COVID 19 has caused a significant financial impact on most business’ in South Africa. Employers may have been forced to implement certain survival measures in order to avoid business closure. These measures may include reduction of employee’s salaries, placing employees on temporary layoff or retrenchment.


Another measure which employers can consider is to determine whether to pay its employees bonuses. While it may be evident that an employer is going through serious financial crisis due to the COVID 19 pandemic, employers may be required to pay bonuses should it be a contractual obligation or practice within the workplace.


Payment of bonuses differ from workplace to workplace, for example, some employees bonuses depend on their working hours, their performance or sometimes the performance of the company. Whatever the criteria, bonuses will be determined on a pre-agreed set of criteria. In other workplaces, bonuses are agreed terms and conditions of employment, and the employer does not have any discretionary powers regarding the payment of the bonuses.


Although certain bonuses remain discretionary benefits where the employer may determine the payment of the bonus, through a lapse of time, the paying of such a benefit becomes a practice within the workplace, and it may become difficult for employers to simply not pay a bonus which has been paid for many years. It becomes a serious concern when an employee is anticipating a bonus whether as a performance bonus or as a 13th cheque and they do not receive it when it is normally due.


Employers should be aware that a bonus is a contractual condition which may be contained in the contract of employment or a company policy and, as stated previously, sometimes the payment of a bonus becomes a condition of employment through practise, and in this instance, the bonus must be paid by the employer, regardless of the provisions of the employment contract. A unilateral failure to pay the bonus can be regarded as an unfair labour practice in terms of section 186 and 191 of the Labour Relations Act 1995 (LRA). It can also be regarded as a breach of contract where the employee may be entitled to sue for damages or specific performance (demand payment of the bonus).


The exercise of discretion must always be subjective to being tested against basic fairness, the court in Solidarity obo K Oelofse v Armscor (SOC) Ltd & Others case number JR 2004/15 at para 28. In Aucamp v SA Revenue Services (2014) 35 ILJ 127 (LC) stated the following:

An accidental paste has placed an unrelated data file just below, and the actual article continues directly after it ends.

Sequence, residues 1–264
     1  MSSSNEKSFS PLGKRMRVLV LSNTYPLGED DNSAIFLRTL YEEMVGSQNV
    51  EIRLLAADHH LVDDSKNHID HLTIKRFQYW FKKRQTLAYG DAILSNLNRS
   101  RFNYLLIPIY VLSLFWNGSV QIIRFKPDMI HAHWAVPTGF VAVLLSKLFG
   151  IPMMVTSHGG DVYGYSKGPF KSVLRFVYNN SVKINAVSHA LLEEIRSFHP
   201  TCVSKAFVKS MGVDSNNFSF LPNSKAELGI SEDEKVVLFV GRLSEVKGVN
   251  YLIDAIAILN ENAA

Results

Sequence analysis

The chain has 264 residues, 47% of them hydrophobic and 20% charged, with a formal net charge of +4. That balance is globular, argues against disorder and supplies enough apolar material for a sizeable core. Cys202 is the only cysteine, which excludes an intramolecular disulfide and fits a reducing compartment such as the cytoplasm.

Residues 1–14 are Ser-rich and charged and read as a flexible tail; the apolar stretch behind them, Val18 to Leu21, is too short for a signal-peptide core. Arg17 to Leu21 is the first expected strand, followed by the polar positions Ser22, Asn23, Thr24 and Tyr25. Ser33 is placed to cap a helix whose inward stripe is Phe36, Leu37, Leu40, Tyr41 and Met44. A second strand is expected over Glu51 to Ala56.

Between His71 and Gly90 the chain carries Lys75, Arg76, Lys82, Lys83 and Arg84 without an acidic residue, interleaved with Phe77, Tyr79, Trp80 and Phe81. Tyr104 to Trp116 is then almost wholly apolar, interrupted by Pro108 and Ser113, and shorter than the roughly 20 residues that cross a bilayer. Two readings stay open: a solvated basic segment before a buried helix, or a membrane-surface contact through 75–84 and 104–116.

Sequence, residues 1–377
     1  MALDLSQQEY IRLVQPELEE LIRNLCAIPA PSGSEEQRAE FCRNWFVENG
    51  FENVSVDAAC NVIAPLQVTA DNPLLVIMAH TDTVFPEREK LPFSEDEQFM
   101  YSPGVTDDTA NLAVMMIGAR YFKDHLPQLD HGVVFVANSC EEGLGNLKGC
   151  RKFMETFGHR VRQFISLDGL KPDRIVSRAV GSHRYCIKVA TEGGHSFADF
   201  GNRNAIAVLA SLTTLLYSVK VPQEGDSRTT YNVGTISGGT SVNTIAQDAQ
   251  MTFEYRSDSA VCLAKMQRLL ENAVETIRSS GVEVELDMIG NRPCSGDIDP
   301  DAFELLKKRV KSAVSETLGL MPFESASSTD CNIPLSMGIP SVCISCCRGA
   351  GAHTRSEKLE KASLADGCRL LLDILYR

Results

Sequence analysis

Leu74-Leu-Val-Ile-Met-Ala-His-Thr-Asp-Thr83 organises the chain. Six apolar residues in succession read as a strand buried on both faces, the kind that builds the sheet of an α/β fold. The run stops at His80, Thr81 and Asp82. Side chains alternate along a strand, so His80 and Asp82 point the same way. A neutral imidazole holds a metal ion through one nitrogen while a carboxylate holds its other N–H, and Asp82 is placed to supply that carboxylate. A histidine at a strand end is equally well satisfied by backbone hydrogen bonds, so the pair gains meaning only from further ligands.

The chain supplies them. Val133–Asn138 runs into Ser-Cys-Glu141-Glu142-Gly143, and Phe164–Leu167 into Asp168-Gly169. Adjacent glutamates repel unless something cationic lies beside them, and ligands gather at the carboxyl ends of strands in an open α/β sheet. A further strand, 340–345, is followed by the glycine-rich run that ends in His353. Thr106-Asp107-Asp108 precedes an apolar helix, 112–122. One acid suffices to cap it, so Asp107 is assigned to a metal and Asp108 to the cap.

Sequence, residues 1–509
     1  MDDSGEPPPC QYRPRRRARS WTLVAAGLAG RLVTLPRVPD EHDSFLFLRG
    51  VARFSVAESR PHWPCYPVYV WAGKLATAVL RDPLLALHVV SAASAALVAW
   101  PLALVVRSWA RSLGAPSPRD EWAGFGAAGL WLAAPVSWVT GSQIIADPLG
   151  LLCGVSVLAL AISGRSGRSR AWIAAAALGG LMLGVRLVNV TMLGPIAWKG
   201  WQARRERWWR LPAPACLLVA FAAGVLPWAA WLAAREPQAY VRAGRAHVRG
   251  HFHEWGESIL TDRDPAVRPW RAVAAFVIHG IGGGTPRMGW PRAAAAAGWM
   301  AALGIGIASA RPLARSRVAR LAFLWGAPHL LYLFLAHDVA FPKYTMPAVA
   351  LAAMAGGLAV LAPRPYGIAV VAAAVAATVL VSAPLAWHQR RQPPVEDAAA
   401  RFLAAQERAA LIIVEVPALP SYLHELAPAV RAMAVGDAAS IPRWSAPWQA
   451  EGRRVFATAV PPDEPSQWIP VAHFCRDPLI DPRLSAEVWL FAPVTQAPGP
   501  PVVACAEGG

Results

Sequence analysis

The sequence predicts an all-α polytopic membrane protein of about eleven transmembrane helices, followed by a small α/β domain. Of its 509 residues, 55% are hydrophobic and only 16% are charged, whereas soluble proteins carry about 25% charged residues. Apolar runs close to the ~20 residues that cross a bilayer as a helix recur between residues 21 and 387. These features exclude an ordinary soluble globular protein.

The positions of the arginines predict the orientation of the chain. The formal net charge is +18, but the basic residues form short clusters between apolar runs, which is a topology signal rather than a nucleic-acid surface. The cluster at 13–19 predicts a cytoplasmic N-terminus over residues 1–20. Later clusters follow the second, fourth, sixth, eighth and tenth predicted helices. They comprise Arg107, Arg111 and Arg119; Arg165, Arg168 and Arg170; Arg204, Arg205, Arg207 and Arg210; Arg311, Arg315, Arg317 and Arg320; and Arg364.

“Even if a benefit is subject to conditions and exercise of discretion, an employee could still, as part of the unfair labour practice proceedings, seek to have instances where the employee then did not receive such benefit adjudicated. So, therefore, even if the benefit is not a guaranteed contractual right per se, the employee could still claim same on the basis of an unfair labour practice if the employee was unfairly deprived of same”


In this regard, an employer who wishes to change the bonus payments either by paying less or at a different time of the year than the other previous years there must be a consultation with the employees to explain the problems and try to get the employees to accept the new system implemented. It should be remembered that such changes to the contract of employment constitute a change to the employees’ terms and conditions of employment, and this cannot be done unilaterally.


Should the employer and employees not reach an agreement at the consultation and the employees refuse to accept the change but the employer has good sound reasonable commercial basis for making the change, the employer may go ahead with the change and implement it after the consultation, regardless if all the employees agree to it which might lead to the referral of a dispute to the respective forum. As an alternative, the employer should contemplate a retrenchment process.


In respect of collective agreements and main agreements that are regulated by Bargaining Councils, these agreements are regulated separately in regards to payment of bonuses, and it is advisable that employers should make the necessary exemption application with the relevant Bargaining Council to exclude bonuses.


In light of the above, we recommend that an employer should not make the payment of any bonus a condition of employment to reduce the flood gates of disputes of unfair labour practice. Should an employer have been making payment of the bonus previously as practice, a consultation should be made with employees to reach a written agreement to exclude bonuses.


Article by: Tshepang Mahketha

Dispute Resolution Official – Pretoria